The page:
US to hand over emails in WikiLeaks soldier case 18 октября 2012, 16:52
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US to hand over emails in WikiLeaks soldier case
A US judge ordered prosecutors Wednesday to hand over hundreds of emails by officers overseeing the detention of WikiLeaks suspect Bradley Manning, who has alleged he suffered mistreatment at a Marine Corps brig, AFP reports.
Lawyers for Manning, a US Army private accused of passing a trove of secret government documents to the WikiLeaks website, had asked for the emails to bolster their argument that the soldier suffered illegal treatment when he was held at the Quantico Marine base in Virginia starting in 2010.
At a pre-trial hearing at Fort Meade, Maryland, Judge Denise Lind said more than 600 emails withheld by prosecutors should be handed over to the defense, though she did not explain the reason behind her decision.
The emails discuss the military's plans to respond to queries from reporters about Manning's detention, preparing for protests, changes to Manning's list of visitors and other details, according to the judge.
Wednesday's decision means the defense will have access to a total of about 1,300 emails, including those the judge ordered released. Judge Lind said that only 12 of about 600-700 emails did not have to be handed over.
The defense had argued the emails were potentially pertinent for their motion contending Manning was subjected to unlawful pre-trial punishment, but prosecutors had said the emails were irrelevant.
The ruling, read out by the judge during the hearing, marked the latest tug-of-war between prosecutors and defense lawyers over the release of official correspondence, reports, or other information related to Manning's case.
The judge has previously pushed military prosecutors to hand over other documents in the case, saying they had to ensure Manning's lawyers had access to information that could help with their client's defense.
Manning, who attended Wednesday's hearing wearing a blue dress uniform, is scheduled to go on trial on February 4 over an array of charges, including that he "aided the enemy" by handing classified military and State Department documents to WikiLeaks.
He faces a possible life sentence if convicted.
Manning's treatment at Quantico sparked protests from his supporters, as well as human rights groups.
During his stay there, he was held under maximum security conditions in a solitary cell, where he was stripped naked and made to wear only a suicide-proof smock to bed at night.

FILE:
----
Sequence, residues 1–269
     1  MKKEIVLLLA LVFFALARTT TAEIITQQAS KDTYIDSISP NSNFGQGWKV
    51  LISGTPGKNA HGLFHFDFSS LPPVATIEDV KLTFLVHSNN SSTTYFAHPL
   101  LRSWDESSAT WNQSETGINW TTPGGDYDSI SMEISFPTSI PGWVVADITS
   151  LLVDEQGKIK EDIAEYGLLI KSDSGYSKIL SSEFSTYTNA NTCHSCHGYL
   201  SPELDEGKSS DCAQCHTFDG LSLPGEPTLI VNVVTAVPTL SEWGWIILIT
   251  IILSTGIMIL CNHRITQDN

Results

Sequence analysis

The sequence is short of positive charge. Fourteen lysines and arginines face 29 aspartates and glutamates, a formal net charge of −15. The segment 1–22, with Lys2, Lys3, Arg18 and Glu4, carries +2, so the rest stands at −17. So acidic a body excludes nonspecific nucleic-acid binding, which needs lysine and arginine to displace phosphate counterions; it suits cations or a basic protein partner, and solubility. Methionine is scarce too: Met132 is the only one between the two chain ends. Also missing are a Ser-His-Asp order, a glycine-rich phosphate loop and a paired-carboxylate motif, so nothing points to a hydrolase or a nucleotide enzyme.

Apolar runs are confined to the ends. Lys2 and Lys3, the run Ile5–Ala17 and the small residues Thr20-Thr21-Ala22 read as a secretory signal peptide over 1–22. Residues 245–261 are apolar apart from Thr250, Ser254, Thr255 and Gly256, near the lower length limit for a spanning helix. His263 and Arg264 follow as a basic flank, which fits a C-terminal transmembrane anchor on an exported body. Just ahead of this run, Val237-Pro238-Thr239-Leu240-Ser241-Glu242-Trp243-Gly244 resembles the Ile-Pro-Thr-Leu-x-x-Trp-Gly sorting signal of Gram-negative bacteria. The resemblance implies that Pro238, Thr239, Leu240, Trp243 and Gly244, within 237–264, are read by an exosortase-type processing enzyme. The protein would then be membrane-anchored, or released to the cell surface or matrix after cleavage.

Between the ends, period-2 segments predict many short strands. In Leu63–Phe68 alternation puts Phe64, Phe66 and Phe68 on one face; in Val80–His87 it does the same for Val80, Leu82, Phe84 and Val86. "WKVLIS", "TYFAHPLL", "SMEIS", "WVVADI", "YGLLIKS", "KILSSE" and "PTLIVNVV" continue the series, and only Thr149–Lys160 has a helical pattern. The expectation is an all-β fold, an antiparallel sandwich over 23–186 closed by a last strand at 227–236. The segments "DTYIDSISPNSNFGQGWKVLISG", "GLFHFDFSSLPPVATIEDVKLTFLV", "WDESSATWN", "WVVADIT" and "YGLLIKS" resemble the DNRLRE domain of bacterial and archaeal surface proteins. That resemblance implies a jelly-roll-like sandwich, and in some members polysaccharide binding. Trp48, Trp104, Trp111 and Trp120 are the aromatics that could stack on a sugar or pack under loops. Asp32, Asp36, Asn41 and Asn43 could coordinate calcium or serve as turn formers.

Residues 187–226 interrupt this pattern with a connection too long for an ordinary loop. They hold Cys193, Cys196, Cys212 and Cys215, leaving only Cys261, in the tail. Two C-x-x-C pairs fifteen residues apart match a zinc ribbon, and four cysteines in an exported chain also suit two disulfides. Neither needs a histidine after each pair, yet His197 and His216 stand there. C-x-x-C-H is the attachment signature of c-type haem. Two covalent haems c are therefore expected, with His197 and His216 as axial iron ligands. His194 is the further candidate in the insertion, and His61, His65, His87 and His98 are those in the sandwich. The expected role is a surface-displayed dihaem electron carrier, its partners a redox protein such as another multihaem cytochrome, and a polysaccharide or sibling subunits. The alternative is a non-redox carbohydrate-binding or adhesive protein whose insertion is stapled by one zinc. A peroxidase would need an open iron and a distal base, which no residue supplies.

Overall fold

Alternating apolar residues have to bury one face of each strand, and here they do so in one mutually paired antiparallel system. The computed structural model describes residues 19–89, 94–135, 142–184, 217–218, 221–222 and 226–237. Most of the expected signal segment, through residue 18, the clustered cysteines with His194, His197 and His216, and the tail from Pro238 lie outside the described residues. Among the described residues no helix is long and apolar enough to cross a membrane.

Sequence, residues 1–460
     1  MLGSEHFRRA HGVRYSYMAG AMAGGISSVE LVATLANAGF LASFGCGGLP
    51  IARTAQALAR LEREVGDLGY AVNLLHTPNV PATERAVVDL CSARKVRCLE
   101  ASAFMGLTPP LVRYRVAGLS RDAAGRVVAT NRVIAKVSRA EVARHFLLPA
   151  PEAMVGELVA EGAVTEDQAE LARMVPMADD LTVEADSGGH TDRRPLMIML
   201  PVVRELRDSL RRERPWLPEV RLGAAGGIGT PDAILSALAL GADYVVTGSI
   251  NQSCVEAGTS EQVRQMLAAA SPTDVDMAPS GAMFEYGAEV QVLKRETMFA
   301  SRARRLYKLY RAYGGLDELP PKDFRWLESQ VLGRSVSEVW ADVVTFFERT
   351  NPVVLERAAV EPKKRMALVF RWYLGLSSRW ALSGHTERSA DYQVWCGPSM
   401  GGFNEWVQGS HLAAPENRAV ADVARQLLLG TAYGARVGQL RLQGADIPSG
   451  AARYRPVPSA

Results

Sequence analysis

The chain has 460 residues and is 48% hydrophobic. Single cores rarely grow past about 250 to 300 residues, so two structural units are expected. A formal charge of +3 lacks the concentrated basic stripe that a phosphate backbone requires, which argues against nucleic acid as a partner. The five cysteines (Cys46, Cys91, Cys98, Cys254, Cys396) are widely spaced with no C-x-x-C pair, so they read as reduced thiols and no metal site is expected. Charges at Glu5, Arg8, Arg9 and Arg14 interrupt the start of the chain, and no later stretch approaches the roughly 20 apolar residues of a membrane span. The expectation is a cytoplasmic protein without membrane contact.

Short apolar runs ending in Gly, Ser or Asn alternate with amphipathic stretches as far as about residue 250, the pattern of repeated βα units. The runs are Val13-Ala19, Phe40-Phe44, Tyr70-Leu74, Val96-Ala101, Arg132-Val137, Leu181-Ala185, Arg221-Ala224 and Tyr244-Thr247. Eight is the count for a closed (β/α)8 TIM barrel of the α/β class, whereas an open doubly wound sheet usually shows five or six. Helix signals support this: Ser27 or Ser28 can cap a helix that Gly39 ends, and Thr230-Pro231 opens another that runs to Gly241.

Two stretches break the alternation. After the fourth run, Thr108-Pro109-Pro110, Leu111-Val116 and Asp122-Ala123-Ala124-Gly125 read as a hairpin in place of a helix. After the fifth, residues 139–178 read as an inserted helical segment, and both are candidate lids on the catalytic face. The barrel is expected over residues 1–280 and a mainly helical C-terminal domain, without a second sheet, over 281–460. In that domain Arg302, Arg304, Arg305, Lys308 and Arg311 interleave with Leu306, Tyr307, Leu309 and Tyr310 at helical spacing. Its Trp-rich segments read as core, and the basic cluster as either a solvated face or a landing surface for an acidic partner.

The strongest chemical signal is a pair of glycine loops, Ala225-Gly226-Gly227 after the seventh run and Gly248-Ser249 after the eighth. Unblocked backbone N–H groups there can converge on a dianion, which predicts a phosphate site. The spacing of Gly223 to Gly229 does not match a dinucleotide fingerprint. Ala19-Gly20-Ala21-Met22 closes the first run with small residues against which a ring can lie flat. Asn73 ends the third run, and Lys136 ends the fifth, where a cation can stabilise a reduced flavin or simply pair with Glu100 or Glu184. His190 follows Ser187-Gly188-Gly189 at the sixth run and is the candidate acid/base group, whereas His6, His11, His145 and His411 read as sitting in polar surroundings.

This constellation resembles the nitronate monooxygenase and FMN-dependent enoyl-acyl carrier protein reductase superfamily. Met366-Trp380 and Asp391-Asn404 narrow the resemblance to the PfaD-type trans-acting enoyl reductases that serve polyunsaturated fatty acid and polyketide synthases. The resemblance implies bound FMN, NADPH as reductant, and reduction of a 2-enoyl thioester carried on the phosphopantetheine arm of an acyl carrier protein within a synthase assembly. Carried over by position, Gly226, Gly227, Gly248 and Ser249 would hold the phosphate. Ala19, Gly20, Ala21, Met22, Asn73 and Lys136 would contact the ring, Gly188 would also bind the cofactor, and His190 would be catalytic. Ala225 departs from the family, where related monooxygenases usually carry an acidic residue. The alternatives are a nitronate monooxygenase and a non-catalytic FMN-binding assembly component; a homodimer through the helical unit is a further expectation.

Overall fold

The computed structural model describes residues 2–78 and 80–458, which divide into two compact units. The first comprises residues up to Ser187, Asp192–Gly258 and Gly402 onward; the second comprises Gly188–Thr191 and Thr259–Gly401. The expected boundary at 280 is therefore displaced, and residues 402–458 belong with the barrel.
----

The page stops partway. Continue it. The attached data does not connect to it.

The 24-year-old soldier was later transferred to an army prison at Fort Leavenworth, a more modern, medium-security facility where he is subjected to less strict conditions.
Wednesday's hearing also saw defense lawyers and prosecutors argue over a book by a Washington Post reporter that quotes from a classified video of a US Apache helicopter attack in Iraq, a video that Manning is accused of leaking.
The cockpit video grabbed headlines when it was released in 2010 by WikiLeaks, which titled the footage "Collateral Murder." The video captures radio chatter from the Apache chopper along with other helicopters in a 2007 assault, as they open fire with heavy guns on a group of men on a Baghdad street.
The Americans suspected the men were insurgents but the attack killed a journalist and driver from the Reuters news agency, prompting an international outcry.
Lead defense lawyer David Coombs told the court the book by David Finkel contains extensive quotes and details from the video, which he said can only mean the author had access to the cockpit video.
Manning's lawyers hope to prove that their client cannot be charged with leaking the video if the contents were already revealed in a book published in 2009, before the video was outed by WikiLeaks.
"The only way for the author to get that information would be to have got that video," Coombs said. "He describes what the crew is seeing and saying."
The government argued that some quotes in the book were not totally accurate, and that it was unclear if the author obtained the video.
"In our opinion it (the book's account) was not verbatim," said Captain James Morrow, a member of the prosecution team.
As a result, it was not possible to assume that Finkel got his hands on the video, he added.